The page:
Paper Protein Activity Part 1: Amino Acid


Part 1
In this video, we’ll show you how to make an origami protein channel model by folding
paper. This is a finished model. It’s made out of eight separate square pieces
of paper and it can have two different shapes, either closed or opened, depending on how
it’s folded. Here it is closed. And here it is opened. Each of the 8 points are the same and were
made from a different piece of paper. These channels, and others, are found on the
surface of cells. They work like special doorways that let only
certain things, like proteins, in out of the cell. Proteins are made of building blocks called
amino acids, and have their own special shape. Not only do they look different, but they
have different jobs to do inside the cell. Some proteins help move things around in the
body, others act like support structures or glue to hold parts of the cell together, and
some can help reactions in the cell go faster. The protein we’re making is a channel that
sits in the outer cell surface, or membrane, and works like a door that lets certain molecules
pass through. Some channels are open all the time while
others can be closed depending on signals from the cell or the environment. To make a protein channel, you’ll first need
to make eight amino acids. You can use just about any kind of paper you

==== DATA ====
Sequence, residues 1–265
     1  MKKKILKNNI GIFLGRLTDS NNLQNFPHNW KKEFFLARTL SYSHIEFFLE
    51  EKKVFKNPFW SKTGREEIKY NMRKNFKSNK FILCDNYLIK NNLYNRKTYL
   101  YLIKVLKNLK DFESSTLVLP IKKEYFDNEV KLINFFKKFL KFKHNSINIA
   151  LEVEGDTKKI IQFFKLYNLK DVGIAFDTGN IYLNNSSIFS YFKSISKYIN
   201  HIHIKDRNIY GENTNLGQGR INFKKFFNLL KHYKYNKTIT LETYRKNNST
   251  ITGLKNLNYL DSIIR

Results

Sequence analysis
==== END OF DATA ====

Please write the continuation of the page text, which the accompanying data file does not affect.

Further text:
want, as long as all eight pieces are square and the same size. We’ll start by folding a single piece of
paper in half diagonally into a triangle. Then fold it in half diagonally again. Your paper should look like this. Now, open it up and flatten it out. Next, we’ll fold it in half again but this
time horizontally. Next, fold it in half again. This is how your paper should look. Lift the side you just folded and press it
down into a triangle, along the crease you just made. Your paper should look like this. Now we’re going to flip it over and repeat
that step on the other side. Lift up the left side and press it down into
a triangle again. It should end up looking like this. Next, fold the outer edge of the top layer
only to the center line of the triangle. It should look like this. Now that we’ve done the top layer, we’re
going to flip it over and repeat that step on the back. Fold the outer edges into the center crease. And… that’s it! Here is our finished amino acid. Repeat this process with seven more pieces
of paper until you have a total of eight amino acids. Now you’re ready to move on to Part 2. The next video will show you how to assemble
these eight amino acids into a whole protein channel. To learn more, visit askabiologist.asu.edu

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